Mapleton Man Charged with Assault After Threatening Son
An alleged threat by a father against his son resulted in the father, Brian Benson of Mapleton, being charged with assault. Benson is reported as being charged with second-degree assault with a dangerous weapon after having allegedly pointed a gun at his son while threatening to shoot him if the son ever yelled at Benson again. So what makes this a second-degree assault (and the real possibility of going to prison) and what constitutes a dangerous weapon?
First of all, not surprisingly, a loaded firearm is considered a dangerous weapon under Minnesota law. However, even if Benson were to argue that he did point the gun as alleged but that the gun was not loaded, this would be insufficient; even an unloaded gun is a dangerous weapon. Other items that can constitute a dangerous weapon, in other cases, can include broken beer bottles, a professional boxer’s fists, and knives.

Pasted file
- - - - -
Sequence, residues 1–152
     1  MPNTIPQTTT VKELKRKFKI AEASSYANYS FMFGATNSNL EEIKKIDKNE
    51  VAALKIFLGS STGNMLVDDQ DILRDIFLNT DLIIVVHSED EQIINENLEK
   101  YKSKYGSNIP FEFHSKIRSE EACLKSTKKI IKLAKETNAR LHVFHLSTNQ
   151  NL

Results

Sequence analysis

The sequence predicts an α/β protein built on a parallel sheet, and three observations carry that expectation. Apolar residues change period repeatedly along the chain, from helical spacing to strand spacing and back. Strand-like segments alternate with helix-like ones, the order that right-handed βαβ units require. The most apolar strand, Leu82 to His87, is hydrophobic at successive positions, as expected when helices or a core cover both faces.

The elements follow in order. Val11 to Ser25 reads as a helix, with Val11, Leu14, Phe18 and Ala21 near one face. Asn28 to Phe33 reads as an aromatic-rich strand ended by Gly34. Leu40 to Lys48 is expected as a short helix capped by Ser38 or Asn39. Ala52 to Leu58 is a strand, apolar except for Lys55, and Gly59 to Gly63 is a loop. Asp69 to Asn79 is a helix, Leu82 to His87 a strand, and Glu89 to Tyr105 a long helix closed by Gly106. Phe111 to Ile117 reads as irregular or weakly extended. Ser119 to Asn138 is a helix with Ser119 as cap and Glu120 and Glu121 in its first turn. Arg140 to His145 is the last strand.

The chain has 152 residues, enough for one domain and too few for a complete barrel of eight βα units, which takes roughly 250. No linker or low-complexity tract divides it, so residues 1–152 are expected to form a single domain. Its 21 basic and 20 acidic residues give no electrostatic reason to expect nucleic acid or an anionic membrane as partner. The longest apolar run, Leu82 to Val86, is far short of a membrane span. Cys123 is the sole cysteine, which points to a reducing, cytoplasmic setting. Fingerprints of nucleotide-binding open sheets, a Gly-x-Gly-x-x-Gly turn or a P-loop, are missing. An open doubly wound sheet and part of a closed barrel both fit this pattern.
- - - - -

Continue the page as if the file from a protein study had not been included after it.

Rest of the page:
Criminal intent is also an element of a second-degree assault charge. An “assault” is defined as either an act done with intent to cause fear of immediate bodily harm, or the attempt to inflict bodily harm upon another. Thus, a person can be convicted of assault even if they do not actually intent to cause bodily harm; causing the fear of harm is enough. Which type of intent the State will have to prove in its case against Benson will depend on what type of intent the State alleges Benson had.
Intoxication isn’t a defense to this type of assault charge per se, but intoxication can be argued to negate a required element of intent. So, for example, if the State alleges that someone committed an assault by doing an act with the intent to cause fear of immediate bodily harm, and it appears the defendant in question says he was intoxicated at the time of the incident, the defendant could try to argue that his intoxication prevented him from forming the intent to cause fear.
Because the charge does not allege that Benson’s son suffered substantial bodily harm, the possible sentence for the offense is imprisonment for not more than seven years, or payment of a fine of not more than $14,000, or both. If the crime had resulted in substantial bodily harm, the prison term could have gone up to ten years and the fine to $20,000.